By Danny Baggott @Dan_Baggie
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Videographer / Director : William Allum
Producer: Danny Baggott, Ellie Winstanley
Editor: Dan Cousins
These wild Japanese macaques – more commonly known as snow monkeys – live in the valley, in the Jigokudani Monkey Park, during the winter.
Jigokudani translates as 'Hell’s Valley' due to the steam and boiling water that bubbles under the surface of the frozen ground.
Inaccessible to most tourists, documentary filmmaker William Allum journeyed beyond the Yokoyu-River and managed to capture the beautiful footage of the bathing macaques.
He said: “There’s a lot of areas humans can’t really get to, so there’s lots of space for them to be undisturbed and go about their business.
"Although I do think they cause some trouble with farmers and stuff like that, you know nicking fruits and things.
“During spring, autumn, it’s kind of a foresty area – it’s quite mountainous and it’s a volcanic area as well so that’s why there’s hot springs.”
Surrounded by steep cliffs, the park aims to limit disturbances to the macaques’ habitat with visitors forbidden from feeding or touching the monkeys.
Before the park opened in 1964, some of the monkeys were found soaking themselves in the outdoor baths and so it was decided that they should have a private pool of their own within the park.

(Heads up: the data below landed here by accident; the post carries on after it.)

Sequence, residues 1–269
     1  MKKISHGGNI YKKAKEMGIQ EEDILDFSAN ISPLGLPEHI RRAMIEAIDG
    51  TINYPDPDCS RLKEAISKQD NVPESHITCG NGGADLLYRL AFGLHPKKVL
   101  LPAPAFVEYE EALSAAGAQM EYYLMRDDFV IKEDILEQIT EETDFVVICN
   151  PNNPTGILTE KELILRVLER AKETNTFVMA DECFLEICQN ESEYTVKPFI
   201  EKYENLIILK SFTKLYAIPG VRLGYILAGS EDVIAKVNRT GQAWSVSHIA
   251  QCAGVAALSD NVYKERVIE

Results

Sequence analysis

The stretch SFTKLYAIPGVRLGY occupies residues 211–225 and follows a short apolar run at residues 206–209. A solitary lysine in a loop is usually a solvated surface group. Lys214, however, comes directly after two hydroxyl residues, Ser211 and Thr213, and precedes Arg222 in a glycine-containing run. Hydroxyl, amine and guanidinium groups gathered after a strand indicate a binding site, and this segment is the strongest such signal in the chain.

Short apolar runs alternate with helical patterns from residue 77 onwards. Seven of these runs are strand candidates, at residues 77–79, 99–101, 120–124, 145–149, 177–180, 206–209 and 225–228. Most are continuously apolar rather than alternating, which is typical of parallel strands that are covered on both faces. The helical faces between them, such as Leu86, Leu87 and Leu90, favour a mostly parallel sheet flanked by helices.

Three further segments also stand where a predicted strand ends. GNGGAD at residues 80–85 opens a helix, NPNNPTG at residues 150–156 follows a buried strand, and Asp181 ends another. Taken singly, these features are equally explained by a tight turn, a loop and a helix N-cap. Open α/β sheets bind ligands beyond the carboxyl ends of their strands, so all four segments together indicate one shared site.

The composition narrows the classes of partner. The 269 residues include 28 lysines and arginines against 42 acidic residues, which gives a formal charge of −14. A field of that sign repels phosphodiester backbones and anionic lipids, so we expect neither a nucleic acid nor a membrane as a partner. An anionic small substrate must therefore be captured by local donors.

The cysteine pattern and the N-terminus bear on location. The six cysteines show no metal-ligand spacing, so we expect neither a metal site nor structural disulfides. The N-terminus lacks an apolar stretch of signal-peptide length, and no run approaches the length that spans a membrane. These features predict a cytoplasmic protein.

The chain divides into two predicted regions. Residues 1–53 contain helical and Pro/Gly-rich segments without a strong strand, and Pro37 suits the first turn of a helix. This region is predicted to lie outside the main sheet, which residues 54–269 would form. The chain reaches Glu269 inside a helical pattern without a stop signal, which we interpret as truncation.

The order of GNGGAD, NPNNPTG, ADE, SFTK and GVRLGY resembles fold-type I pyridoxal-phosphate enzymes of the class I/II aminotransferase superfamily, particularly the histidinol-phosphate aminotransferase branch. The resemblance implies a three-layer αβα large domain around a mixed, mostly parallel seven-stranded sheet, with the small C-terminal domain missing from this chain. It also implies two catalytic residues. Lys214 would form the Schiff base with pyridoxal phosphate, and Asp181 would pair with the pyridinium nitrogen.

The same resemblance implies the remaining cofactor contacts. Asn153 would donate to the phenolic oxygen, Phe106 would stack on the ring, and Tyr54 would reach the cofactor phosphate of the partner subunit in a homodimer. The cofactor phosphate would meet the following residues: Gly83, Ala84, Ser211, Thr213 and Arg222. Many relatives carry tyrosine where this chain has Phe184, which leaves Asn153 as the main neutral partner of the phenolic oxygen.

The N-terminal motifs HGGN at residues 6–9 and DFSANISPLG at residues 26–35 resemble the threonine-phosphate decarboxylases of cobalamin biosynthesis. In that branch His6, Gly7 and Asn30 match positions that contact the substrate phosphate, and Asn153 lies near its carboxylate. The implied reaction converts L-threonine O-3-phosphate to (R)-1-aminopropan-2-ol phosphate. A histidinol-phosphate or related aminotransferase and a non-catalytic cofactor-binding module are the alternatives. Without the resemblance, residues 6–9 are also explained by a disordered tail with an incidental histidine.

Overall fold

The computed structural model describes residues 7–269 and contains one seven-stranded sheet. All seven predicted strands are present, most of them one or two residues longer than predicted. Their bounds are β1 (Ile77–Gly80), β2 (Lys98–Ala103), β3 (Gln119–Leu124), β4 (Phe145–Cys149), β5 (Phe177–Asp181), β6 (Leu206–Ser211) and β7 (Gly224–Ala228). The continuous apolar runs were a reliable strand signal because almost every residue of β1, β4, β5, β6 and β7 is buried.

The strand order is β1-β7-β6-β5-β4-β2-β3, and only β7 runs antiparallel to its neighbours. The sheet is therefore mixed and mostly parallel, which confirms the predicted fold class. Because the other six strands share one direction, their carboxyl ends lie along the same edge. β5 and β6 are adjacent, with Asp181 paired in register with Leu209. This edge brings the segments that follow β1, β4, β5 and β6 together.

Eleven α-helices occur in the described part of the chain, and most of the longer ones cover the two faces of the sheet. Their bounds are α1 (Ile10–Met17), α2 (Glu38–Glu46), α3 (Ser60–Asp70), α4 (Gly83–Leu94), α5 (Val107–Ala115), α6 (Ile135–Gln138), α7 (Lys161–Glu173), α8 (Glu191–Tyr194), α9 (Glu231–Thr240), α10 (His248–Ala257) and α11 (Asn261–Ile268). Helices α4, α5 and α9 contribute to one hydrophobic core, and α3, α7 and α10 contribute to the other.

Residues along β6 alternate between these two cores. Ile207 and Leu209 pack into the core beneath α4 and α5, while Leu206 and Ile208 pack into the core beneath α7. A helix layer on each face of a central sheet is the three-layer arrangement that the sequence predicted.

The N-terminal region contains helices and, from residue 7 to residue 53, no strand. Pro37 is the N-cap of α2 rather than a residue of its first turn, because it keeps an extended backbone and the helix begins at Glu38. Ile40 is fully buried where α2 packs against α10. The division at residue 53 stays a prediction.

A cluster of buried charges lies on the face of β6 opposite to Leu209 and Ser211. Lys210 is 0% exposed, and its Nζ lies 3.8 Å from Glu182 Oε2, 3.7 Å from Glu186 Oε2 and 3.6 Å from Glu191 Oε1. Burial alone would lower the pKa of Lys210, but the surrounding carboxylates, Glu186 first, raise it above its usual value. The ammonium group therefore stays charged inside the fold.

“Even in the winter where it’s covered in snow, it has a hot bath that the monkeys can sit in,” William added.
“It’s kind of a crazy area because it’s like an ice kingdom but it has all this steam and it’s a volcanic area.
“Maybe if they didn’t have the hot springs they wouldn’t be able to live as far north as they do.”
Winters are always harsh in this area of Japan with snow piling up to over two metres high and temperatures rarely above zero.
But William did not let the cold winter days affect his experience in the valley.
He said: “It was an absolutely amazing experience, it was probably one of the best days of my life because it was so perfect and so ideal.”